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Welfare Economics Beyond Welfarist-Consequentialism

Author

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  • Kotaro Suzumura

Abstract

Capitalizing on the recent work in social choice theory, we re-examine the foundations of post-Pigovian welfare economics and social choice theory. The structure of the "old" and "new" welfare economics is critically scrutinized, and the culprit of the poverty of welfare economics as well as Arrovian social choice theory is boiled down to their common information basis to be called the welfarist-consequentialism. Alternative avenues one may try out to escape from the poverty of normative economics are identified and examined, which are focused on interpersonal comparisons of welfare levels, preference for opportunities, and procedural fairness of social choice, respectively.

Suggested Citation

  • Kotaro Suzumura, 1999. "Welfare Economics Beyond Welfarist-Consequentialism," Discussion Paper Series a382, Institute of Economic Research, Hitotsubashi University.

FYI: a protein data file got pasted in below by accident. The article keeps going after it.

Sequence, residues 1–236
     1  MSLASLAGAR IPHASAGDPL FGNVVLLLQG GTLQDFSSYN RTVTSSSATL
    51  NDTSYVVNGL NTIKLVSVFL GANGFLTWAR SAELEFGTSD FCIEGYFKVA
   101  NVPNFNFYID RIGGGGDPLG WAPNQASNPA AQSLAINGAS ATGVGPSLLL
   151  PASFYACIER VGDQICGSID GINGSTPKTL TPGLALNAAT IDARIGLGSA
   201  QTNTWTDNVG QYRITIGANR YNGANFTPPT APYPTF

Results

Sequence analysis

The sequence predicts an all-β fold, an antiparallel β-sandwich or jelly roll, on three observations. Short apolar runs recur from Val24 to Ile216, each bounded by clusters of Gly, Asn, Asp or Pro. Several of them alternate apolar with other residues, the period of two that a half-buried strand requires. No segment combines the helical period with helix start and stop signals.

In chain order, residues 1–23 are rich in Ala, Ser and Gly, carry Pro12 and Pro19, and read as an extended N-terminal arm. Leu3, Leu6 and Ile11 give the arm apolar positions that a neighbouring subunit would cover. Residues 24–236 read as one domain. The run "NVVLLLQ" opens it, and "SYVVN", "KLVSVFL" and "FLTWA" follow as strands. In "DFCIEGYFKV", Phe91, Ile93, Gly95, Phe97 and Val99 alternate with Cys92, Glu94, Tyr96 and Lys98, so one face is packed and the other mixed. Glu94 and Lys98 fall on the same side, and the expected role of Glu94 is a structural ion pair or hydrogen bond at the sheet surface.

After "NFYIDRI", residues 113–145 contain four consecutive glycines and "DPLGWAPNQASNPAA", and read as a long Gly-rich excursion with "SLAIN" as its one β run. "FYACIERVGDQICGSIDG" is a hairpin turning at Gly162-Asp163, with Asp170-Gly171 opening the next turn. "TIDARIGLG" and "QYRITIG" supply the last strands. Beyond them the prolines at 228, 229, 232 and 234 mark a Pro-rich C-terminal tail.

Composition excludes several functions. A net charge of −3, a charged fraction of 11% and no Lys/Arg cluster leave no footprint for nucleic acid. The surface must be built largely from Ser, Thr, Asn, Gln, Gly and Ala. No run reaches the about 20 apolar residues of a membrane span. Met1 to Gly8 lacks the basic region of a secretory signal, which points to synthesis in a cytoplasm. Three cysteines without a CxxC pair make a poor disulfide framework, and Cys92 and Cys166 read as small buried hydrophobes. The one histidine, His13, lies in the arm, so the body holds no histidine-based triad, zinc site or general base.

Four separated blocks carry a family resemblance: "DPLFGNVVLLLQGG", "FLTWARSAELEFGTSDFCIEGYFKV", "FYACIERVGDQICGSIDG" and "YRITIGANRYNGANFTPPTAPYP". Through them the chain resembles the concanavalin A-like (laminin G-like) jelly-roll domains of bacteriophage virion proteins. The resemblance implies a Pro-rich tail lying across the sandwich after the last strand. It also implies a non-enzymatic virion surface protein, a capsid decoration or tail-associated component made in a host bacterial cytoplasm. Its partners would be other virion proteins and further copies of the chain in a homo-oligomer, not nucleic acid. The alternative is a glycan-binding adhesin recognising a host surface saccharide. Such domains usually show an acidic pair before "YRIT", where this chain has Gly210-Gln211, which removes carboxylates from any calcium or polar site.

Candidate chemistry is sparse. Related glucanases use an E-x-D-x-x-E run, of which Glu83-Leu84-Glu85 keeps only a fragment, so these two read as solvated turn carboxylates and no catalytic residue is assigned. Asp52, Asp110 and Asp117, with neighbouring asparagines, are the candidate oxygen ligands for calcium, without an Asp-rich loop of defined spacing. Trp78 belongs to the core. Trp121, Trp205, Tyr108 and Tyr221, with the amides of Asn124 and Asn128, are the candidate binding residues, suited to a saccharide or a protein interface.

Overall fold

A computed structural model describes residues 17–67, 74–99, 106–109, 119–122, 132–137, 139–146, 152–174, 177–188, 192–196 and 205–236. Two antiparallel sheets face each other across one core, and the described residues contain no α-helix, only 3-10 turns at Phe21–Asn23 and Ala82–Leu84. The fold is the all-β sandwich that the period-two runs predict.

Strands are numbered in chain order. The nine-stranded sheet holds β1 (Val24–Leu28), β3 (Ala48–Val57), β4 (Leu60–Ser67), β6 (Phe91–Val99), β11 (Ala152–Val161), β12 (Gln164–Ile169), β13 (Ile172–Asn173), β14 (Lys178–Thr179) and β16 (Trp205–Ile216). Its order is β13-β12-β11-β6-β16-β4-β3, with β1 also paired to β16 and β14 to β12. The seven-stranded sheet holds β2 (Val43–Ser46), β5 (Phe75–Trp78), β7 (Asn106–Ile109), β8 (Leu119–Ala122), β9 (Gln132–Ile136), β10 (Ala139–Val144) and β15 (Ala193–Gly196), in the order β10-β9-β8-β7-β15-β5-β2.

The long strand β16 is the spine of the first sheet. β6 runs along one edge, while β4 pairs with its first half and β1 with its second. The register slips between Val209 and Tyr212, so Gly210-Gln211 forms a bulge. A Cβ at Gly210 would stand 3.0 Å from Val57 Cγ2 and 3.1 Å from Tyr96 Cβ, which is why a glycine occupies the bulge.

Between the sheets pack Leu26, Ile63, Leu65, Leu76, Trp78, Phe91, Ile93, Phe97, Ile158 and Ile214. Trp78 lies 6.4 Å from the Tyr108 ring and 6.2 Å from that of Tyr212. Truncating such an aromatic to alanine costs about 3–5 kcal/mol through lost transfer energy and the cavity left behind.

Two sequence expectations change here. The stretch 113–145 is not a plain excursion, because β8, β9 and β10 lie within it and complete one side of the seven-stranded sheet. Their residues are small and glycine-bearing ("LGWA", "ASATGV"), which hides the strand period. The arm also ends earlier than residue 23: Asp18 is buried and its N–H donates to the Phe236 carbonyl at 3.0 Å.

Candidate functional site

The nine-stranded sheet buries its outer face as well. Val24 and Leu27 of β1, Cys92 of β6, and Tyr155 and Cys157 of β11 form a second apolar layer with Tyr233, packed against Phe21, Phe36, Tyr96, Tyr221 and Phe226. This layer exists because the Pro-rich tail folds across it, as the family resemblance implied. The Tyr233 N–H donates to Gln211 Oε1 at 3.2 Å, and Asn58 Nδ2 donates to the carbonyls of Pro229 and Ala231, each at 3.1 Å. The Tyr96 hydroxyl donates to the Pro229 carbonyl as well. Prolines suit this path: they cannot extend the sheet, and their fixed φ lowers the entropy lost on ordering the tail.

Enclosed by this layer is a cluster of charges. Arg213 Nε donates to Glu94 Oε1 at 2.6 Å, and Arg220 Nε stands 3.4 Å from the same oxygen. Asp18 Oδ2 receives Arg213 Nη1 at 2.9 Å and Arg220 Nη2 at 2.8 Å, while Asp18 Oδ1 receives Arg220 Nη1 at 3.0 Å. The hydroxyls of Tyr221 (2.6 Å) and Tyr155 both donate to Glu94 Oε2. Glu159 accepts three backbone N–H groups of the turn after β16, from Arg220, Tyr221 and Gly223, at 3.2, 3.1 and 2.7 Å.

• Handle: RePEc:hit:hituec:a382
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    Citations

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    Cited by:

    1. Yasuhito Tanaka, 2009. "On the computability of quasi-transitive binary social choice rules in an infinite society and the halting problem," Decisions in Economics and Finance, Springer;Associazione per la Matematica, vol. 32(1), pages 67-78, May.
    2. Walter Bossert & Kotaro Suzumura, 2011. "Multi-profile intergenerational social choice," Social Choice and Welfare, Springer;The Society for Social Choice and Welfare, vol. 37(3), pages 493-509, September.
    3. BOSSERT, Walter & SUZUMURA, Kotaro, 2009. "Decisive Coalitions and Coherence Properties," Cahiers de recherche 05-2009, Centre interuniversitaire de recherche en ├ęconomie quantitative, CIREQ.

    More about this item

    JEL classification:

    • B21 - Schools of Economic Thought and Methodology - - History of Economic Thought since 1925 - - - Microeconomics
    • D63 - Microeconomics - - Welfare Economics - - - Equity, Justice, Inequality, and Other Normative Criteria and Measurement
    • D71 - Microeconomics - - Analysis of Collective Decision-Making - - - Social Choice; Clubs; Committees; Associations

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